The article is devoted to understanding nanolinguistics as a post-non-classical branch of science which is based on interdisciplinary methodology. Arguments for the existence of nanolinguistics rely on the “scale factor” as a key point: changes in size reveal new characteristics of an object. The nanolevel is founded on special optics, which allow features that are not always seen but nevertheless exist (in an essential way) to be studied, leading to an understanding of the characteristics of the substance’s self-organization and its interaction with other objects, including the possibilities and results of integration. Nanolinguistics searches for ways to thoroughly examine an object. At the same time, previous experience of the interpretation of linguistic phenomena stimulates the subsequent steps of reasoning for accumulating knowledge about the object’s characteristics.
Nanolinguistics is an interdisciplinary field of knowledge, the subject of which can be those units and cognitive-discursive manifestations that are nanostructured, i.e., those that consist of quantities which can be indexed as subtle properties of the linguistic substance. Nanoparticles are revealed by interpreting an object’s layerwise assembly, taking into account its coreferential relations, as a result of which integration into larger-scale systems takes place; microcosm and macrocosm become organically connected.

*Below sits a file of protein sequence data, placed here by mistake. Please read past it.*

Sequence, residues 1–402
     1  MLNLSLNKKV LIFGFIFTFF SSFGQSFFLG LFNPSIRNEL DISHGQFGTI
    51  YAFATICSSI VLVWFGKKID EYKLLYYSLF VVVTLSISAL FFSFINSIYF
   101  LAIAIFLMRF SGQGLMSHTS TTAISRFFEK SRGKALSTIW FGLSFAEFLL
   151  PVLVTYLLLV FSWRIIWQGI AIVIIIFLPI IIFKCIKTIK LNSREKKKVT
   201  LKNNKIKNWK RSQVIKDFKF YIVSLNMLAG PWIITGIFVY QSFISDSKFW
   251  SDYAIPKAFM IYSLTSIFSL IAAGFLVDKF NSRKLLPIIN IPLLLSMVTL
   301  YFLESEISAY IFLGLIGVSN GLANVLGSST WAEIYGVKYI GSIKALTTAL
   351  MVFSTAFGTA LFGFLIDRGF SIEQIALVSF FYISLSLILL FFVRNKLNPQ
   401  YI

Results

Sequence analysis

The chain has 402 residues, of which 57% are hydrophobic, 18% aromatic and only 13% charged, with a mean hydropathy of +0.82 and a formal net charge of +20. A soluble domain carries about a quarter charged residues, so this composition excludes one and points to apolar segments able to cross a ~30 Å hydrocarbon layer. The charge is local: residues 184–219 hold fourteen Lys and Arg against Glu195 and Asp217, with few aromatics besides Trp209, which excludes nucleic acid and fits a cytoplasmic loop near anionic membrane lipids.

This article introduces the possibilities of nanolinguistic interpretative actions in the sphere of modern word formation (the new assembly of morphemes to create a new referential basis); in studying the processes of adaptation of loanwords (quasi-synonymy, the variation of interpretations in a new environment); in the evaluation of political communication (the principle of extremely low influence in the situation of a double bind or double trap); in sensory linguistics (the language of perception that reflects subtle shades of the sensory understanding of the world); and in avant-garde poetry (poetic dispersion, or the fragmentation of the “matter” of a word into particles and their combination into new mental images). Prospects for the development of nanolinguistics are indicated.
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